PPT mouthpieces

Borgani Tenor Saxophone - Semitone Flat


Senior Member
Hi all, posting a question for my son who plays various clarinets and saxophones, please excuse me as my music knowledge is limited.

I recently purchased a Borgani tenor saxophone (serial number: 11595) for my son second hand from someone in Italy (so there was no option to play before hand). I no little about the instrument I bought him (date of manufacture, model, setup etc.) so if anyone knows anything from its serial number please let me know (I have asked Borgani but got no reply to date). He had indicated that he liked the sound of the Borgani as he played one owned locally and really enjoyed playing it. I would add photos but the picture function does not work for me.

The problem is that currently the saxophone is playing a whole semitone flat on all keys and there is no way to adjust for it (Yamaha 4c mouthpiece pushed all way in and not enough he can do with embouchure). He is use to identifying different tone of each key in his instruments and adjusts accordingly as he plays (hope that makes sense).

Otherwise the saxophone is in good playing condition, standard intonation and great sound. If not for the tuning issue he would be very pleased with the instrument. As it stands, the instrument cannot be played in any situation where accurate tuning is required, most notably with other musicians.

Unfortunately, he suspects the saxophone may have a serious manufacturing fault . Upon preliminary inspection by a saxophone specialist it has been suggested that this issue is due to the bore being misplaced during manufacture and to compensate so were the tone holes to compensate for the earlier manufacturing mistake. I am hoping there is some simple explanation and will bring it in to a local store for more thorough assessment. Just thought I would ask here before I do.

I note that my son is in secondary school and is playing at a high level (AMEB level 7 to 8, if that means anything to you guys). I recently sold his baritone saxophone and bass clarinet (both Selmer USA) to fund the purchase of this second hand Borgani tenor saxophone . He still has a Buffet BC20 clarinet but sold the Bundy instruments because he was finding it too fiddly to play his technical pieces on the them.
I note that my son is in secondary school and is playing at a high level (AMEB level 7 to 8, if that means anything to you guys).

Yes, it means at least he knows the saxophone is a transposing instrument, otherwise that might explain thinking it's a semitone flat when mouthpiece is pushed all the way in, because that is exactly what would happen, ie a C becomes sharp enough to be C#, but it would sound a concert B and you might think it was a semitone flat.
Thanks. I have heard him talk about transposing music for instruments in a different note, he might do that on the fly.

I got an response from Borgani overnight a week after my first email so thanks to them. They couldn't say much.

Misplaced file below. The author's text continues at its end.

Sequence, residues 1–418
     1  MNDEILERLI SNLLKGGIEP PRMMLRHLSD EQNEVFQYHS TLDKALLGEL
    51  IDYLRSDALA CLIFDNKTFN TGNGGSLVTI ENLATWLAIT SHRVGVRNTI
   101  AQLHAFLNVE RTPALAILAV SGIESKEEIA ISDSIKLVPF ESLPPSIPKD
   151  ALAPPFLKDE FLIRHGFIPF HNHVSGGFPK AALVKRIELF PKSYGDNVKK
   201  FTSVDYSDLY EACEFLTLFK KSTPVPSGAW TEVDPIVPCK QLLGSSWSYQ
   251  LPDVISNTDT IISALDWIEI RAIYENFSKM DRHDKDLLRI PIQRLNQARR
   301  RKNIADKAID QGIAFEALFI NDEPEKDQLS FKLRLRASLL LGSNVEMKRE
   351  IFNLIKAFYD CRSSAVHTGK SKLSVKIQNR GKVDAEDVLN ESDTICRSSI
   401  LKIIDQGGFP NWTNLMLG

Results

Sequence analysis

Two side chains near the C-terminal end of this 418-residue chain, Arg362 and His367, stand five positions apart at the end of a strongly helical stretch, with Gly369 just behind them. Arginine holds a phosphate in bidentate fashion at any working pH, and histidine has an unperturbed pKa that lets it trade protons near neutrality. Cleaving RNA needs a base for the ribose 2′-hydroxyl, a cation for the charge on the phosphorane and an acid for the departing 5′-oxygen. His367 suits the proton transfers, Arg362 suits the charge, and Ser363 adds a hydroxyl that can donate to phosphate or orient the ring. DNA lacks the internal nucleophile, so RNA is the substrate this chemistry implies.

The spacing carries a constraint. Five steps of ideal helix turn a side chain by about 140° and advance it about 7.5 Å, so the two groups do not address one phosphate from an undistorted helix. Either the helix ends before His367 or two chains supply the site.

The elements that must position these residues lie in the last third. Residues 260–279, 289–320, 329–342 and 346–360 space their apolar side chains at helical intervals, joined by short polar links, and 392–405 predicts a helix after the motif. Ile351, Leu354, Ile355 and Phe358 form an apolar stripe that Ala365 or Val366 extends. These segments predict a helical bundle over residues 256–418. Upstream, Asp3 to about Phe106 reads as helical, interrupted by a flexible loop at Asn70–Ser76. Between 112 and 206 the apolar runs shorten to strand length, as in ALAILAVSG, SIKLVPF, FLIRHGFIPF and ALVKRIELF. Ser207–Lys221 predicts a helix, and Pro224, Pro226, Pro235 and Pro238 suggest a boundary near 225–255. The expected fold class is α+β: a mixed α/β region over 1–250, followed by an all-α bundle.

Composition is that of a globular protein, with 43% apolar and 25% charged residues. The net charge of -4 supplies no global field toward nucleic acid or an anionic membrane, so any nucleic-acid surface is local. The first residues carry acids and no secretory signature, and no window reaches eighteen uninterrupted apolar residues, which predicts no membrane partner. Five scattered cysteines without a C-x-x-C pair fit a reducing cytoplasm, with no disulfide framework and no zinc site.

"The instruments you purchased was a bestseller of our Company several years ago and we never found problems like this on our previous production. Unfortunately without checking the instruments inside our workshop it is impossible for us to understand what happened to this Sax."

So looks like I go to Italy (jokingly) or take it to someone local.
I would think it a good idea to have an experienced saxophone player/teacher try the sax to get a second opinion.
Yes. Thanks. He has gone through it with his teachers at school. When I say above that he suspects the instrument has a manufacturing fault, that came from discussions with music staff at school.
What note is he expecting to get? If he fingers a C, it should sound/play Bb. If he's getting a B, then the mouthpiece is on too far. If he's getting lower than Bb, then usually embouchure is too loose. Problems like this are usually the player/mouthpiece position. Also possible the neck isn't seated fully into the socket. Also possible the previous owner set the key heights too low to get the sax playing faster. But they'd have to be so low they're stifling the sax. Also possible it's not got the original neck.
Hi Kev, at this stage I will put aside suggestions of whether he is the cause of the problem until I speak with staff at a local `repair store. I am not discounting that notion entirely but he is not alone, he has well regarded and highly experienced teachers at his school. I will talk to him about the other 2 suggestions you brought up about the neck and key heights. Thanks.
If you purchased the instrument from outside Aussie the first thing I would do is take it to a sax repair tech and get the instrument looked over and serviced if necessary - something may have got damaged or knocked in transit. Maybe post some photos here to determine what model Borgani the sax is - does it look like this modern Borgani?

Borgani Pearl Gold tenor saxophone review